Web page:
## Abstract

Metamaterial-based perfect absorbers promise many applications. Perfect absorption is characterized by the complete suppression of transmission and reflection and complete dissipation of the incident energy by the absorptive meta-atoms. A certain absorption spectrum is usually assigned to a bulk medium and serves as a signature of the respective material. Here we show how to use graphene flakes as building blocks for perfect absorbers. Then, an absorbing meta-atom only consists of a molecular monolayer placed at an appropriate distance from a metallic ground plate. We show that the functionality of such device is intuitively and correctly explained by a Fabry-Perot model.

© 2012 Optical Society of America

## 1. Introduction

Graphene is a two-dimensional (2D) carbon material with tremendous applications. In 1962 it was isolated by Boehm *et al.* for the first time [1]. More recently, in 2004, a team led by Geim proposed a more efficient way to produce it based on exfoliation procedures. That moment was the starting point for the rise of graphene [2]. The research was fueled by the extraordinary electronic transport properties of graphene which differ substantially from those in metals and semiconductors [3]. In fact, electrons behave like massless particles when they propagate in graphene sheets, like photons do in matter with the notable difference that they have an electric charge. These unprecedented electronic properties make graphene a serious candidate for the material of the 21^{st} century [4,5] to be used for ultrafast, low loss electronic devices because of its high conductivity and its extraordinary mechanical parameters.

Likewise the optical properties of graphene attracted a great deal of research interest. In the visible, graphene acts as an absorptive dielectric. The absorption *A* of a single sheet amounts to *A* ≈ *πα* ≈ 2.3% [3, 6], with *α* = *e*^{2}/*h̄c* ≈ 1/137 being the fine structure constant. Various applications, ranging from graphene based optical modulators [7], transformation optics [8] to numerous other devices [9–11] may be envisaged by using graphene in the optical domain. Examples have been already experimentally demonstrated and have been provided solid evidence for the versatility of graphene [12–14].

At lower frequencies, the optical properties of graphene resemble those of a Drude-type material. Such materials promote the formation of surface plasmon polaritons (SPP). An SPP is a collective oscillation of the charge density and light at the interface between a graphene sheet and its surrounding [13–18]. An SPP supported at a graphene interface can be guided in many ways like other types of waves (light or sound). This property attracted a particular interest of the metamaterial and plasmonic community [19, 20].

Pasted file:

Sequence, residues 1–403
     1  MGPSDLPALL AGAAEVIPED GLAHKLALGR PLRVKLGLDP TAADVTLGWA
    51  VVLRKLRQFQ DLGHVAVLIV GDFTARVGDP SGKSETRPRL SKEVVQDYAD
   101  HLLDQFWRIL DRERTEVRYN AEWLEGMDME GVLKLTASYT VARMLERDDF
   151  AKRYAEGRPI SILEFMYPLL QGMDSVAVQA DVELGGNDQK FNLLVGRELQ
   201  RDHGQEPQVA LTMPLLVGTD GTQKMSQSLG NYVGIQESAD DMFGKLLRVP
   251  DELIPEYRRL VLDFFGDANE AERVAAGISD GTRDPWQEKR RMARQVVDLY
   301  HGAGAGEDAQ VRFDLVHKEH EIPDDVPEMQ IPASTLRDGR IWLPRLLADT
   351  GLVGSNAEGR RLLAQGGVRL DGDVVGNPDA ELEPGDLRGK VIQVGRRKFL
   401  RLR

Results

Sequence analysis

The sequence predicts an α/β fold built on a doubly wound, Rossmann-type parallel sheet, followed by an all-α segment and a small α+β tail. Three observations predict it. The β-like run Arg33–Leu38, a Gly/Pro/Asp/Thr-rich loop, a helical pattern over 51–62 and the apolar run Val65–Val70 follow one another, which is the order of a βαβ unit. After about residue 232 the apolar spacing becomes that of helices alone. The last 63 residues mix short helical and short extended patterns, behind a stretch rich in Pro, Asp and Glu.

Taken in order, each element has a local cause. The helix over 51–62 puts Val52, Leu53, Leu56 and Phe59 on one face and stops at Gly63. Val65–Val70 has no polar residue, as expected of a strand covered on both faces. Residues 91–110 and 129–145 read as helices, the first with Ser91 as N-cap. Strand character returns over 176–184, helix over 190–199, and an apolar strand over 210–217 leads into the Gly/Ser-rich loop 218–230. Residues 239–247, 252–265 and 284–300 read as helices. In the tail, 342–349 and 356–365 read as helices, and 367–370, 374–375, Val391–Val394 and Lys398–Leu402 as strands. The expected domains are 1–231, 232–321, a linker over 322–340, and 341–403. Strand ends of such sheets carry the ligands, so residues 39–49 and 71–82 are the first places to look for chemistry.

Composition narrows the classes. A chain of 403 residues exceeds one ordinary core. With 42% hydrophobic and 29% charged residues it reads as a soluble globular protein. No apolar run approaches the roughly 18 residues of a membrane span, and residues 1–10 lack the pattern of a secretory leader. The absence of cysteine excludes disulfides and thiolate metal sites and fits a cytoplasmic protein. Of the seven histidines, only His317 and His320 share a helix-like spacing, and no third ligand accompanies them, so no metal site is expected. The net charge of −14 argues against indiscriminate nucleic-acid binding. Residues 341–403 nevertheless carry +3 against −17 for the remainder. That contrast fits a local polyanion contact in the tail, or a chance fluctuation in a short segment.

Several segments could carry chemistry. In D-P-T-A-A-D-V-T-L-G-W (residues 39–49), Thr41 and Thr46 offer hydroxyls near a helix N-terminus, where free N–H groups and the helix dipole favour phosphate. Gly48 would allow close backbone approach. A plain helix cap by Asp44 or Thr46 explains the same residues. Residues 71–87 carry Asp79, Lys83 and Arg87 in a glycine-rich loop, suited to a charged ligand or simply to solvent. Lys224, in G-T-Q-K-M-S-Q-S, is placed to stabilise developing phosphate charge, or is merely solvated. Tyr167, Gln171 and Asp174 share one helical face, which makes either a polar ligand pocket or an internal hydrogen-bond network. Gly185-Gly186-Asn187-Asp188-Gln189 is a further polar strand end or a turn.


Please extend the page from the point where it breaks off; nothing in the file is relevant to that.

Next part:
One of the most interesting properties of plasmonic metamaterials is the perfect absorption of light [21, 22]. Such functionality was demonstrated while relying on different designs and while optimizing the point of operation over large frequency ranges [23–29]. The functionality of such perfect absorbers can be understood in the framework of the more general theory of coherent perfect absorption (CPA). It is in many ways the time-reversed analogue of the lasing effect. Instead of radiating a coherent flux of light in a very narrow spectral band [30, 31], CPA can occur for structures possessing intrinsic losses. It only requires that an incoming radiation pattern is dissipated by suppressing the associated reflection and transmission channels. In fact, the CPA effect can only occur because of the interplay of interference and absorption being achievable just for a very specific geometry and frequency range. More recently, graphene nanodisks were suggested for this purpose [32]. It was shown that graphene flakes allow for the perfect absorption of THz radiation owing to their high extinction cross section (compared to their geometrical cross section). Such perfect absorption has also been achieved when the discs were put in front of a mirror at some distance.